If it meets four, it gets a yellow light – further consideration is required. A candidate that meets fewer than four gets a red light. CEO John Chambers believes that observing these simple rules has helped Cisco resist the temptation to make inappropriate acquisitions. More recently, Cisco has relaxed its rules (especially on proximity) to accommodate new opportunities as the company moves further afield into new technologies and toward new customers.

Essay # 5. Creation of Rules in Business :

We’re often asked where simple rules come from. While it’s appealing to think that they arise from clever thinking, they rarely, do. More often, they grow out of experience, especially mistakes. Take Yahoo! And its partnership – certain rules. An exclusive joint venture with a major credit card company proved calamitous. The deal locked Yahoo! into a relationship with particular firm, thereby limiting e-commerce opportunities. After an expensive exit, Yahoo! Developed two simple rules for partnership creation: deals can’t be exclusive, and the basic service is always free.

At young companies, where there is no history to learn form, senior executive use experience gained at other companies. CEO George Conrades of Akamai, for example drew on his decades of marketing experience to focus his company on customer service – a surprising choice of strategy for a high-tech venture.


He then declared some simple rules: the company must staff the customer service group with technical gurus, every question must be answered on the first call or e-mail, and R&D people must rotate through customer care. These how-to rules shaped customer service at Akamai but left plenty of room for employees to innovate with individual customers.

Most often, a rough outline of simple rules already exists in some implicit form. It takes an observant manager to make them explicit and then extend them as business opportunities evolve by examining how its simple rules have been applied over time.) EBay, for example, started out with strong values: egalitarianism for the rest of us. “Over time, founder and chairman Pierre Omidyar and CEO Meg Whitman made those values explicit in simple rules that helped manager predict which opportunities would work for eBay.

Egalitarianism evolved into two simple how-to rules for running auctions: the number of buyers and sellers must be balanced, and transactions must be as transparent as possible. The first rule equalizes the power of buyers and sellers but does not restrict who can participate, so the eBay site is open to everyone, from individual collectors to corporations (indeed, several major retailers now use eBay as a quiet channel tor their merchandise). The second rule gives all participants equal access to as much information as possible. This rule guide eBay managers into a series of moves such as creating feedback ratings on sellers, on-line galleries for expensive items, and authentication services from Lloyd’s of London.

The business meaning of community was crystallized into a few simple rules, too; product ads aren’t allowed (they compete with the community), prices for basic services must not be raised (in­creases hurt small members) and eBay must uphold high safety standards (a community needs to feel safe). The rules further clarified which opportunities made sense. For instance, it was okay to launch the Power Sellers program, which offers extra service for community members who sell frequently.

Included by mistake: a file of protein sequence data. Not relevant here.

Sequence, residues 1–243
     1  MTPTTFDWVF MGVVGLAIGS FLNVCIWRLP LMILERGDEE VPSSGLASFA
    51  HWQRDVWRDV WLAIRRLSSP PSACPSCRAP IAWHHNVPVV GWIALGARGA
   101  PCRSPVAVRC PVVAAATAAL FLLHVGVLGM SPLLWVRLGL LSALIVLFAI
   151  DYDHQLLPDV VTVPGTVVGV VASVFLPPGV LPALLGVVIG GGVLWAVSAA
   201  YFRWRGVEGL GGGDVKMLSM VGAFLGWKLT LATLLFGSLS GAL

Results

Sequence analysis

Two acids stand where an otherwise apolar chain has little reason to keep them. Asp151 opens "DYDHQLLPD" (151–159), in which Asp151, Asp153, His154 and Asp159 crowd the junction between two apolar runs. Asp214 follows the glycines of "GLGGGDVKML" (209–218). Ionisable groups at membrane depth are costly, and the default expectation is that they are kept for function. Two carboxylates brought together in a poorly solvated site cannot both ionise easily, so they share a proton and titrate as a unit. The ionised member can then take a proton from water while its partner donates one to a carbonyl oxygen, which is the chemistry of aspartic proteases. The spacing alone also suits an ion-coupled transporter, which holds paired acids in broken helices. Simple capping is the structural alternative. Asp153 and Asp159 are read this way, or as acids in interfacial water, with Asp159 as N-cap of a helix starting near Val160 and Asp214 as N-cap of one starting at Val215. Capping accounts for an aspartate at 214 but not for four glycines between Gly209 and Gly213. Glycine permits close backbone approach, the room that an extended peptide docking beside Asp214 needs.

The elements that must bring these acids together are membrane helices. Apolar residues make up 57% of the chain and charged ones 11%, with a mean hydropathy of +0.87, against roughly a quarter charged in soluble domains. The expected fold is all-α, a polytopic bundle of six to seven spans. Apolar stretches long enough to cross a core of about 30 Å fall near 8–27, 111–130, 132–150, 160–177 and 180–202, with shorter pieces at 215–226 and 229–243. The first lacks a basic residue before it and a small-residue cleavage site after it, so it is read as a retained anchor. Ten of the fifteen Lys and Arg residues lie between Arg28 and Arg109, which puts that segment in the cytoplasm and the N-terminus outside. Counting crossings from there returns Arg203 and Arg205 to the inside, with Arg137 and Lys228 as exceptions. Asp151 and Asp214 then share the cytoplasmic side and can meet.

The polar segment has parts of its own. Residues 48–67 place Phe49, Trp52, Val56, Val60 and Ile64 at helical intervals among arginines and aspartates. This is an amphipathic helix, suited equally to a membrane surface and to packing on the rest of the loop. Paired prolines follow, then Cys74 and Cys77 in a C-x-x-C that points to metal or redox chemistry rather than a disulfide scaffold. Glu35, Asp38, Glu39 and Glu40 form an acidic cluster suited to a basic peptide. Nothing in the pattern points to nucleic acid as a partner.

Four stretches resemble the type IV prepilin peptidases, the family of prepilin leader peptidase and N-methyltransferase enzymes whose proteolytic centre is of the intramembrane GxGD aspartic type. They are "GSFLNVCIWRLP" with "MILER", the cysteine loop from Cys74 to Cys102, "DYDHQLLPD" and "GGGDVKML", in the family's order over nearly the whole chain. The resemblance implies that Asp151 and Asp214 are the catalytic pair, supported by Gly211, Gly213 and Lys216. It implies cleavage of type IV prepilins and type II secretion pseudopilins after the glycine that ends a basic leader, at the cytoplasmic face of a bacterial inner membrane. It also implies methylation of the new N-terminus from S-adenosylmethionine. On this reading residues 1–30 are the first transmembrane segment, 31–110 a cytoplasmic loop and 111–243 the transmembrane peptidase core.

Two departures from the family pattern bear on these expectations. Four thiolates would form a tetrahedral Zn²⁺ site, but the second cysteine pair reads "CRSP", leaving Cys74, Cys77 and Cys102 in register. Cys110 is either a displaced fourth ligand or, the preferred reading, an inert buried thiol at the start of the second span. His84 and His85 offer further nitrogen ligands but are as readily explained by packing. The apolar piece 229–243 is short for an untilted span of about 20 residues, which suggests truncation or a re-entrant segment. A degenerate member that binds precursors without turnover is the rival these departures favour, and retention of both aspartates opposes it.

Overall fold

It was also okay to allow advertising by financial services companies and to expand into Europe, be­cause neither move broke the rules or threatened the community. On the other hand, it was not okay to have advertising deals with companies such as CD now whose merchandise completes with the community. Only later did the economic value of the rules become apparent: the strength of the eBay community posed a formidable entry barrier to competitors, while egalitarianism created a high level of trust and transparency among traders that effectively differentiated eBay form its competitors.

It’s entirely possible for two companies to focus on the same key process yet develop radically different simple rules to govern it. Consider Ispat International and Cisco, in the last decade, Ispat has gone from running a single steel mill in Indonesia to being the fourth-largest steel company in the world by using a new- economy strategy in an old-economy business. Founder Lakshmi Mittal’s strategy centers on the acquisition process. But Ispat’s rules for acquisitions look a whole lot different from Cisco’s for the same process.


Ispat’s rules include buying established, state-owned companies that have problems. Cisco’s rules limit its acquisitions to young, well-run, VC-backed companies. Ispat’s rules don’t include geo­graphic restrictions, so managers search the globe- Mexico, Kazakhstan, and Ireland- for ailing com­panies. At least initially, Cisco’s rules required exactly the opposite focus- the company stayed close to home with lots of acquisitions in Silicon Valley. Ispat focuses narrowly on two-process technologies- DRI and electric are furnaces- to drive companywide consistency.

At Cisco, the whole point is to acquire new technologies. Ispat’s rules center on finding companies in which costs can be cut from current operations. Cisco’s rules gauge revenue gains from future products. The bottom line; some strategic process, same entrepreneurial emphasis on seizing fleeting opportunities, some superior wealth creation- but with totally different simple rules.

Essay # 6. Knowing When to Change in Business :